Amazon tricked customers into buying a more expensive Prime subscription when they just wanted to stream videos, FTC says
- A new FTC lawsuit accused Amazon of tricking customers into buying a more expensive subscription.
- The agency said Amazon made it hard for customers to sign up for Prime Video, a streaming service.
The Federal Trade Commission accused Amazon in a new lawsuit of tricking customers into purchasing full — and more costly — Prime memberships when they were only looking to stream videos available on Amazon's subscription video service.
Prime Video is Amazon's subscription streaming service, where customers can watch and rent shows and movies for an $8.99 monthly fee. It's a separate product from a full Amazon Prime membership, which costs $14.99 monthly.
And although "it is possible to sign up for Prime Video alone, it is difficult to do so," the FTC said in a complaint filed on Wednesday.
The complaint alleged that Amazon's website was set up in a way that tricked customers out of the lower-cost Prime Video subscription. Colored buttons encouraged and redirected customers to sign up for a full Amazon Prime subscription, the complaint said.
"Capitalizing on some consumers' inability to appreciate the difference between 'Prime' and 'Prime Video,' the Prime Video enrollment process fails to clarify Amazon will enroll them in Prime rather than the less expensive Prime Video, on both desktop and mobile platforms," the complaint said. "This causes some consumers to enroll in Prime, rather than Prime Video, unknowingly."
An Amazon spokesperson said the FTC's claims in its complaint were "false on the facts and the law."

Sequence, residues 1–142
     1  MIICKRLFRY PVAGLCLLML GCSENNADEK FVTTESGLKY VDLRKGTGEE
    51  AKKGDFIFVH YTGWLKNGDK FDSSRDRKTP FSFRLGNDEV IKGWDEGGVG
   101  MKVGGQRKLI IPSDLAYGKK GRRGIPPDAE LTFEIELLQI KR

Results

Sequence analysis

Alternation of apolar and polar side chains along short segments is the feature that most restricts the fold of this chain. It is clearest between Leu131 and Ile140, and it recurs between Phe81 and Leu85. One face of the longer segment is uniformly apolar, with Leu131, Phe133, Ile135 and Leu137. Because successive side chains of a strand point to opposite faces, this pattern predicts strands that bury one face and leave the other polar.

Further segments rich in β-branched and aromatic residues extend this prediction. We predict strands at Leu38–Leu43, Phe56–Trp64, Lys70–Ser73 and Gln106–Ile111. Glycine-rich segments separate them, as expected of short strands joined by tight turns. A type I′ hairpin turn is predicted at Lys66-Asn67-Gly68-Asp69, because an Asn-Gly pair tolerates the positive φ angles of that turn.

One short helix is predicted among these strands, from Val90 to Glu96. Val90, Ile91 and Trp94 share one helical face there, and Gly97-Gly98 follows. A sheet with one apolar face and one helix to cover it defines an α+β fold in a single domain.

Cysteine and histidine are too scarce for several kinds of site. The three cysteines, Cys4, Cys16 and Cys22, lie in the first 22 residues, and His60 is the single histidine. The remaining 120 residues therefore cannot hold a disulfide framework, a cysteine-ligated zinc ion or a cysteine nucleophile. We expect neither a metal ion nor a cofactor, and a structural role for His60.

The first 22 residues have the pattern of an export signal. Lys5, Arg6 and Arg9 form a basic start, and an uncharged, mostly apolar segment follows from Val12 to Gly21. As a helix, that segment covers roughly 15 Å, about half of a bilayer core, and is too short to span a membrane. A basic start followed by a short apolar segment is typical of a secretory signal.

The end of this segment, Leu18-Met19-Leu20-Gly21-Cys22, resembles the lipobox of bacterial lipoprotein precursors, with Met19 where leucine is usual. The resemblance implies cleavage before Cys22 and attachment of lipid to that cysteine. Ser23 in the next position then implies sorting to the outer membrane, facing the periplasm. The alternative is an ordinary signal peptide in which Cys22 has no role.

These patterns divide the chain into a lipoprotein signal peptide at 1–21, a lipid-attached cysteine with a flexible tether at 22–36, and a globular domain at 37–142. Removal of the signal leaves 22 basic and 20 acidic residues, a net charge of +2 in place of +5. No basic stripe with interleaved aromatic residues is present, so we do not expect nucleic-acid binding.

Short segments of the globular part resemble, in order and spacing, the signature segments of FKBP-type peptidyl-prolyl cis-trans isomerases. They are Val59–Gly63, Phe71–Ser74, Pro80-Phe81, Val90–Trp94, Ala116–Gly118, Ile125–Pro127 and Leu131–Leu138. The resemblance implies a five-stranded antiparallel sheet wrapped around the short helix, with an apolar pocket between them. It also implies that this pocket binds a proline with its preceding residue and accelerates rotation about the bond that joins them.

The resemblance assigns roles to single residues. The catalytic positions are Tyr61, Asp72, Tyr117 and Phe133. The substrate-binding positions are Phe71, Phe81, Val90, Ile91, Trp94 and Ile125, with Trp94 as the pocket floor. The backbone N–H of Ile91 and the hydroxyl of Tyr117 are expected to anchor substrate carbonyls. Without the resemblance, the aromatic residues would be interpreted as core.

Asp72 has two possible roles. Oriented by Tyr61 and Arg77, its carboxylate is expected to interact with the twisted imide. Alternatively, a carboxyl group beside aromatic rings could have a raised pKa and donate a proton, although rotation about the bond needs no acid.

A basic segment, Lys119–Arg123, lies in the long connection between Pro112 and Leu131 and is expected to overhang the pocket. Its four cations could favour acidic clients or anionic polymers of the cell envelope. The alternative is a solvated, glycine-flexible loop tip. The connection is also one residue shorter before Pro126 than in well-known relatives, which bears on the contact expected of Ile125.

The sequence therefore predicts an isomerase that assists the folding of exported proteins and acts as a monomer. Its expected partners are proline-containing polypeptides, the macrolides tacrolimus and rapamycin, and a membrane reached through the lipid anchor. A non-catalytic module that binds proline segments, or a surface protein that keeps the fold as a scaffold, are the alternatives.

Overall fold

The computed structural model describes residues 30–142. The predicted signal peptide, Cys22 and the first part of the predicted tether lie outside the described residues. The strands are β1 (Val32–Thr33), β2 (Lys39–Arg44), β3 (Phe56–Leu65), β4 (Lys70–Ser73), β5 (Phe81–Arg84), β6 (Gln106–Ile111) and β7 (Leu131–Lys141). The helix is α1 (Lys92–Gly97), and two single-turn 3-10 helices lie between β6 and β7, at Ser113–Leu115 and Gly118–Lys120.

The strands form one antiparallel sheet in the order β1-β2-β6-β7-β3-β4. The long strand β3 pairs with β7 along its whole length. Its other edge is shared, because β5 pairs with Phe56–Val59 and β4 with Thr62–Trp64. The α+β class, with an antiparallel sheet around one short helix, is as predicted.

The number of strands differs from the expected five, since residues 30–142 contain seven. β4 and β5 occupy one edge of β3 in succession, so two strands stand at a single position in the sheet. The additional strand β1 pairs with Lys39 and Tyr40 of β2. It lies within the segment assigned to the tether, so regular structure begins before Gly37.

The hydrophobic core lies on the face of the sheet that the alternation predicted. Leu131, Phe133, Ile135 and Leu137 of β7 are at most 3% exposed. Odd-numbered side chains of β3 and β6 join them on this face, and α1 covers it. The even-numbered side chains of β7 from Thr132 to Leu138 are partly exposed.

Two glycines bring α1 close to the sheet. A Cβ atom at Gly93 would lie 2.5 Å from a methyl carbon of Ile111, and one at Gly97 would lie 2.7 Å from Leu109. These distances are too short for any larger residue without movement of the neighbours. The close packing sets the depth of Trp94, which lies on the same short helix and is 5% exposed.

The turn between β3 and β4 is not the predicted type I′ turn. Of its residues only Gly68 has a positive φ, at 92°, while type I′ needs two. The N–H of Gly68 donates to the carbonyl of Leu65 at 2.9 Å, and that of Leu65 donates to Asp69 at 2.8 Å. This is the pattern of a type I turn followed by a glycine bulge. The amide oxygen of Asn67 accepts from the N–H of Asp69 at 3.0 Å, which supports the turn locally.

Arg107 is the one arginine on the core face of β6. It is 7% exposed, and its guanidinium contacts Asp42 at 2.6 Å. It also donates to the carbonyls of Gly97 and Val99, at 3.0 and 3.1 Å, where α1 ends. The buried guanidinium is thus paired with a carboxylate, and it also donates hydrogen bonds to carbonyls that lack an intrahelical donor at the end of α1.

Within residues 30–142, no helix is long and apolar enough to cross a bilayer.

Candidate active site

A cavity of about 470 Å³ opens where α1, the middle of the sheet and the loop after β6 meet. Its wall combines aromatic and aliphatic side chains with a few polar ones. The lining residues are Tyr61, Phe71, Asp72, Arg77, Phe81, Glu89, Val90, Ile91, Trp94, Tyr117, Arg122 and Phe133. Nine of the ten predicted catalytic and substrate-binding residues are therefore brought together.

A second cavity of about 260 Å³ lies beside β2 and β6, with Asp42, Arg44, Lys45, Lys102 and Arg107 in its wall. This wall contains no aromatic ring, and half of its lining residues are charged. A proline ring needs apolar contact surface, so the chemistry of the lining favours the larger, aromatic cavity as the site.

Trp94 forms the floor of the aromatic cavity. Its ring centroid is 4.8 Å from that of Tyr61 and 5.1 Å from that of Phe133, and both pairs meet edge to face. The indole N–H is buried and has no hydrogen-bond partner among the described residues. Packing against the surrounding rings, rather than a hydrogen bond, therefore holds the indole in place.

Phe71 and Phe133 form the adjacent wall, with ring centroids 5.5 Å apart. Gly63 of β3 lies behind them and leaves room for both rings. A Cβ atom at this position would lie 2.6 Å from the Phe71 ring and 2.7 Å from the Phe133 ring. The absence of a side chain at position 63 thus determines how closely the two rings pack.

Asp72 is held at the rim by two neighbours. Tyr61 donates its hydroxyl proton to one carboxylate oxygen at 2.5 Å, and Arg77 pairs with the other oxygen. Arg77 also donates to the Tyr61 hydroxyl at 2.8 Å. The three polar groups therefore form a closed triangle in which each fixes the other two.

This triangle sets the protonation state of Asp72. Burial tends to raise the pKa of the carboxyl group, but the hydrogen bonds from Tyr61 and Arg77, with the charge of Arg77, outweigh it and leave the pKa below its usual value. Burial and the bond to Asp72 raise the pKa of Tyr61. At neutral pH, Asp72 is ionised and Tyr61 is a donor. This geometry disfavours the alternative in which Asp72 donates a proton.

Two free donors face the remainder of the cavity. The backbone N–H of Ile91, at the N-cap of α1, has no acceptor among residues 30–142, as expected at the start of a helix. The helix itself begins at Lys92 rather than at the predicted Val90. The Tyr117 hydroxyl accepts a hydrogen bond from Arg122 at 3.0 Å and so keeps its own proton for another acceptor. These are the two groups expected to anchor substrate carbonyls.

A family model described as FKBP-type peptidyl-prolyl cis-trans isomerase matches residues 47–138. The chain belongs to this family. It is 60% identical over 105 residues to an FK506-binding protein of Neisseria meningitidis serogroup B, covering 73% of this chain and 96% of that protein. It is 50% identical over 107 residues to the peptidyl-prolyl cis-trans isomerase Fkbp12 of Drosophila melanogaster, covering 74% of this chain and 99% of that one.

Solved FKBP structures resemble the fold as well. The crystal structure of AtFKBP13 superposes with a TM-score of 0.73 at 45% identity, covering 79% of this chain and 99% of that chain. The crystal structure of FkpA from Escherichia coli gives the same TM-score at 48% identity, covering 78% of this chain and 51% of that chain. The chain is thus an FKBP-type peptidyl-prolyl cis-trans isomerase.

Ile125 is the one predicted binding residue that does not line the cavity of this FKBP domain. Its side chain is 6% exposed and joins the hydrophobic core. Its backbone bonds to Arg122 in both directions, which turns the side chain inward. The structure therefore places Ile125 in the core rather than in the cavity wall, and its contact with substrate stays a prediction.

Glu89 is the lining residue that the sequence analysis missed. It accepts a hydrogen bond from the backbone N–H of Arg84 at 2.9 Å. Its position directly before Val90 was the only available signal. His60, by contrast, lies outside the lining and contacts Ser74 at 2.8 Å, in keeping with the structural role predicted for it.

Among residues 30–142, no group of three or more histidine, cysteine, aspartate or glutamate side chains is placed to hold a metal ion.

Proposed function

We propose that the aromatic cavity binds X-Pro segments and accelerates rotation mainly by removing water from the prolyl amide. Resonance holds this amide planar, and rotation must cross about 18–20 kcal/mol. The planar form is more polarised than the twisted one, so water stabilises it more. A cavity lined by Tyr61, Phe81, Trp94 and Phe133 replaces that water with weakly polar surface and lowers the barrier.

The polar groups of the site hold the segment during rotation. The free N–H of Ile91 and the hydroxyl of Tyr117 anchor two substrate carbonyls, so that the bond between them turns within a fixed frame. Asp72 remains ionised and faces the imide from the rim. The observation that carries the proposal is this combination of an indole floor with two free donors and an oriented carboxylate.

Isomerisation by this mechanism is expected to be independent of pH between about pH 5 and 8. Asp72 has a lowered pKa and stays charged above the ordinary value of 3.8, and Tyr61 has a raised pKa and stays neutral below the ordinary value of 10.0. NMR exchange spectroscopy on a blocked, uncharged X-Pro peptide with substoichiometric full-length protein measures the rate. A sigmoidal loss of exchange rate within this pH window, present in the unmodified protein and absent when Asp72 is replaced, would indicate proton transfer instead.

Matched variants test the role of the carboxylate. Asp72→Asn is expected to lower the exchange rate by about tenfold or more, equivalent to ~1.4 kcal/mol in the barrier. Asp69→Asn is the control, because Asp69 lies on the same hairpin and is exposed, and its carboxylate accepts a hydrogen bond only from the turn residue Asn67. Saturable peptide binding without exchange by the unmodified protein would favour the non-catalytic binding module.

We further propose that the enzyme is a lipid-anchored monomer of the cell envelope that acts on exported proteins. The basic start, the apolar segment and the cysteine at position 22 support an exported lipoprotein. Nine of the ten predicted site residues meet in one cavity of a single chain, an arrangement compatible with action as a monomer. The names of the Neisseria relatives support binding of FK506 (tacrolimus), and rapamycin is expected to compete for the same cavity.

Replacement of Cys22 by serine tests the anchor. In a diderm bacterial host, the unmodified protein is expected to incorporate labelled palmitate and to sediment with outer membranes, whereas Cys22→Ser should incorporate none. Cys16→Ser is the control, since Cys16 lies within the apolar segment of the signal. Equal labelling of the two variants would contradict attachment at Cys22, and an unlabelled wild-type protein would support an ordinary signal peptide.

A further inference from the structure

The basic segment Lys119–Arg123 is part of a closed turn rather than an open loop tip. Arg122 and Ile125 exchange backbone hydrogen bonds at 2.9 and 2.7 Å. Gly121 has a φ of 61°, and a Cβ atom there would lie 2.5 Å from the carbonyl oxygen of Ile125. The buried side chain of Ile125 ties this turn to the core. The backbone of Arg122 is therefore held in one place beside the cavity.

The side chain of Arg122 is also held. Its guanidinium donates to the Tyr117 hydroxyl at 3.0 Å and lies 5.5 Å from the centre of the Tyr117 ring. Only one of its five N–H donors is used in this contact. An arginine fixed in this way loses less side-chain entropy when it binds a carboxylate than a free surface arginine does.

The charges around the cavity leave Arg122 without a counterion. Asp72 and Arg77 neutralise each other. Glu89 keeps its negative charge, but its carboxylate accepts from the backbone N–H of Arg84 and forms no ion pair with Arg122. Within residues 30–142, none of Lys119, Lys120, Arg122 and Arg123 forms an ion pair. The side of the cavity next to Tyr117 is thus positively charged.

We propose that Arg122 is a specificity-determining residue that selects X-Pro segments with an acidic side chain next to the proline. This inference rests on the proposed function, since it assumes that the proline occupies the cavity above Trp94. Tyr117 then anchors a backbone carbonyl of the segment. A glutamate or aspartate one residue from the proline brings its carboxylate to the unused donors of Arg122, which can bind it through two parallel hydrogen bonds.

"The truth is that customers love Prime, and by design we make it clear and simple for customers to both sign up for or cancel their Prime membership," the spokesperson said in an e-mailed statement. "As with all our products and services, we continually listen to customer feedback and look for ways to improve the customer experience, and we look forward to the facts becoming clear as this case plays out."
The FTC's lawsuit against Amazon was in part sparked by Insider's report last year that showed how the company worried for years that it tricked customers into signing up for Prime subscriptions. In last year's report, Insider found that Amazon had embarked on an initiative to make it easier for customers to distinguish what content on Prime Video was free or not, which they called Project Clean Slate.
"Clean Slate reimagines the Prime Video CX across devices and surfaces, with a focus on simplifying the discovery of content free to Prime members to ensure our service is useful and personal," an internal document obtained by Insider said.
The FTC complaint also alleged that Amazon "tricked" customers into signing up for a Prime subscription and then made it difficult to cancel the memberships.
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